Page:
L-alanine is a non-essential amino acid. It is an organic amino acid due to the presence of a carbon atom in its makeup. Alanine is found primarily in poultry, beef, pork and fish. Almost all animal based protein sources are rich in alanine. The contraction of muscle results in increased alanine levels within the body.
2. What does it do and what scientific studies give evidence to support this?
As an amino acid, alanine is used by the body as a building block of protein. Alanine plays a major role in transferring nitrogen from tissue sites in the body, to the liver. Alanine is also used by the body to draw upon blood sugar as an energy source.1
3. Who needs it and what are some symptoms of deficiency?
Everyone. Because alanine is used by the body to draw upon blood sugar as an energy source, it may prove useful for bodybuilders and other athletes who are attempting to reduce body fat levels. For the same reason, individuals who are obese or overweight may benefit by using a supplement containing alanine. Individuals suffering from hypertension may benefit from supplemental alanine. When used in conjunction with arginine and glycine it has been demonstrated that an overall reduction in arterial plaque may result.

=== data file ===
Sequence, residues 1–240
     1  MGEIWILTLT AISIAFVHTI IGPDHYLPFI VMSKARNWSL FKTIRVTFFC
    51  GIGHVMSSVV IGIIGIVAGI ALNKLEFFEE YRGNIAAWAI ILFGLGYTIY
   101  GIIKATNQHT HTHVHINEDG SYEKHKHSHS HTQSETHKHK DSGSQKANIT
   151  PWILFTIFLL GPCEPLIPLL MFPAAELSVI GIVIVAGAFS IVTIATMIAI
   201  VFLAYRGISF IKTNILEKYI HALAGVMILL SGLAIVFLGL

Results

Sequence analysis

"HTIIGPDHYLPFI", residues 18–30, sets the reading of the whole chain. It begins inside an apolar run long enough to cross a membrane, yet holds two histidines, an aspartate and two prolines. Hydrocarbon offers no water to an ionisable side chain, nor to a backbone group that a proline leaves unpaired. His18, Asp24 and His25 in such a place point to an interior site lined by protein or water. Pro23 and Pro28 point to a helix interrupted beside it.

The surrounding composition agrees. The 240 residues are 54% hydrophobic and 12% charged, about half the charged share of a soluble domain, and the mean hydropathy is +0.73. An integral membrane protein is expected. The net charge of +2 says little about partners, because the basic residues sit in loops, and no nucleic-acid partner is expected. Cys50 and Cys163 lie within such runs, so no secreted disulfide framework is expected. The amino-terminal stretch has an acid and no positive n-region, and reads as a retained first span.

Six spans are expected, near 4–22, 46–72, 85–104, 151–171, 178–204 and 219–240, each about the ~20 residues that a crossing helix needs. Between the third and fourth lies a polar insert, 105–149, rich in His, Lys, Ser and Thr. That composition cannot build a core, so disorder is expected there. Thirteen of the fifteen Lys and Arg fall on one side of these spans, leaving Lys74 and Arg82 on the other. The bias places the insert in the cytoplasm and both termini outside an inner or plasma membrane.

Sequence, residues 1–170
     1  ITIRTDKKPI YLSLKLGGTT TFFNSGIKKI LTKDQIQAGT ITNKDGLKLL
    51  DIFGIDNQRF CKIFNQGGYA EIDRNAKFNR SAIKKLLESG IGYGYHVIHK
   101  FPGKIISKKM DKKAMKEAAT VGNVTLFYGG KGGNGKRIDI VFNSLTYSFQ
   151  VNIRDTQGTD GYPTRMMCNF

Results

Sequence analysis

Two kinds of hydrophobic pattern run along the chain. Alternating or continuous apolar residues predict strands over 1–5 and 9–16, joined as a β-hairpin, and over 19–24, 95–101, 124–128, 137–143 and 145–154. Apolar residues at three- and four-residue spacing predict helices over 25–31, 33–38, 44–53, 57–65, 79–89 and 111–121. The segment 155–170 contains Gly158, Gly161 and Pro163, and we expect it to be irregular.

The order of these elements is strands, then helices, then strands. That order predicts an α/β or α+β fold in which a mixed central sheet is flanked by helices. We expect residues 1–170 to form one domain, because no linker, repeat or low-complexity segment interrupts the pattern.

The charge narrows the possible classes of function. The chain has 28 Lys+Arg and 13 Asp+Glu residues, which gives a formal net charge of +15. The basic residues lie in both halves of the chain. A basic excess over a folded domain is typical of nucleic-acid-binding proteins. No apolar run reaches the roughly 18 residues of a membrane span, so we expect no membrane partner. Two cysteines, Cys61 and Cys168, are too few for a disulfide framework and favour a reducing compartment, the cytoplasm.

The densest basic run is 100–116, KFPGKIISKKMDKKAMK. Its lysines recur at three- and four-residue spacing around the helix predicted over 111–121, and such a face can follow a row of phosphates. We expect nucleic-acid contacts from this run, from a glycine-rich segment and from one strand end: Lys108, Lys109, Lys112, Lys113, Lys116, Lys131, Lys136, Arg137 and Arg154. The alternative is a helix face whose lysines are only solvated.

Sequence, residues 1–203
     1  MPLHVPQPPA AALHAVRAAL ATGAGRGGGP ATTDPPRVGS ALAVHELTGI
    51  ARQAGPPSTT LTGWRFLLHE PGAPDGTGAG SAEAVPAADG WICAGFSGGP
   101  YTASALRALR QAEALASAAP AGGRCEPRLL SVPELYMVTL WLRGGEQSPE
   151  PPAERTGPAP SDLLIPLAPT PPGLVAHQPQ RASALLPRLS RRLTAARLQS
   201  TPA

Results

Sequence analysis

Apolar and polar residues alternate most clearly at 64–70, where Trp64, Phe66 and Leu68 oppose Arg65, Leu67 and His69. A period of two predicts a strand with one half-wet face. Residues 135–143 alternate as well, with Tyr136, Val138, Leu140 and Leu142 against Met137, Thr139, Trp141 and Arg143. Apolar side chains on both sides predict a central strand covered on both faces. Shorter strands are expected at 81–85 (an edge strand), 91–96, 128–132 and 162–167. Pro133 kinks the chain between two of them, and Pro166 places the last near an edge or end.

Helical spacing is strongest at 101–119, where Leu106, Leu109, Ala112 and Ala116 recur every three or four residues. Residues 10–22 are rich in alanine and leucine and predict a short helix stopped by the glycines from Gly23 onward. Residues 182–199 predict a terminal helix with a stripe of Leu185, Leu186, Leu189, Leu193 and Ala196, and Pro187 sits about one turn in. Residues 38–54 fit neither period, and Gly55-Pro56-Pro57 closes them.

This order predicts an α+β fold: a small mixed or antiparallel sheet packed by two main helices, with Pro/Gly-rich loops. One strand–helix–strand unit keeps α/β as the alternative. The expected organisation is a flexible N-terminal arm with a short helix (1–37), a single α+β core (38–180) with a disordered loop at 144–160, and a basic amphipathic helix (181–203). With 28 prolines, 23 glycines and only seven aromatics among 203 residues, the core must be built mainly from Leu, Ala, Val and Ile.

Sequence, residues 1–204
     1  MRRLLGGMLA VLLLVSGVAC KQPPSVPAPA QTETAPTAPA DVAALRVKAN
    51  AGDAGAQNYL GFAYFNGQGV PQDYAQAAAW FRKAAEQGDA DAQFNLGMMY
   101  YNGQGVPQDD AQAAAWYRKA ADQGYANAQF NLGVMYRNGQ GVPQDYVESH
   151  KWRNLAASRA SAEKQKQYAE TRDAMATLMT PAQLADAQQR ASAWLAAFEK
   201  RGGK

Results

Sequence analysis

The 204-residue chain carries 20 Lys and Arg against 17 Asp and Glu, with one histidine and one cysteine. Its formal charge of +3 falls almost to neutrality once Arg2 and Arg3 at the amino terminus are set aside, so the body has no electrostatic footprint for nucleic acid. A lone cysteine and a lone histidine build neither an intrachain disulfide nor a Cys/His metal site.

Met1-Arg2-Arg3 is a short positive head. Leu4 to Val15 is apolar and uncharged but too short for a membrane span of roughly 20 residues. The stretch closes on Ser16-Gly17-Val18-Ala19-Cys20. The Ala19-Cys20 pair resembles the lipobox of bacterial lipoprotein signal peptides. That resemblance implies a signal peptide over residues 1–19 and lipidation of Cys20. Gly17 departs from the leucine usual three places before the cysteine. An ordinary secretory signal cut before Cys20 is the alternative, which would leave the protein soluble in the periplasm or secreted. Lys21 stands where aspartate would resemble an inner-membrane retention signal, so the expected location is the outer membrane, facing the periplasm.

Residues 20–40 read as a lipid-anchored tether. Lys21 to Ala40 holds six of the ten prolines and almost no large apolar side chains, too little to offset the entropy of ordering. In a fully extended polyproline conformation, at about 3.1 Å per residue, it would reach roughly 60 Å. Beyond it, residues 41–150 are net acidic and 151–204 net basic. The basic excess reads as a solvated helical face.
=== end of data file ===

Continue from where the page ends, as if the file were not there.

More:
Diabetics, or individuals suffering from insulin insensitivity, may benefit from supplementing with alanine. Alanine has been shown to be important for the regulation of insulin.2 Alanine is also known to contribute to prostate health. For this reason, elderly males may benefit from its use.
4. How much should be taken? Are there any side effects?
No side effects have been reported, although as with any amino-acid, overdose is a possibility. Individuals suffering from diabetes, prostatitis or hypertension should consult a qualified medical practitioner prior to the use of supplemental L-alanine. Follow the directions as prescribed on the products label.
5. Where can I get it?
There are many different brand names that manufacture supplemental l-alanine.
1. Rennie, Michael J. (1999). Physical Exertion, Amino Acid and Protein Metabolism, and Protein Requirements. Protein and Amino Acids. Washington, DC: National Academy Press. pp. 243-253
2. L. Brennan, A. Shine, C. Hewage, J.P.G. Malthouse, K.M. Brindle, N. McClenaghan, P.R. Flatt and P. Newsholme. (2002) "A NMR based demonstration of substantial oxidative L-alanine metabolism and L-alanine enhanced glucose metabolism in a clonal pancreatic b-cell line - Metabolism of L-alanine is important to the regulation of insulin secretion." Diabetes, 51, 1714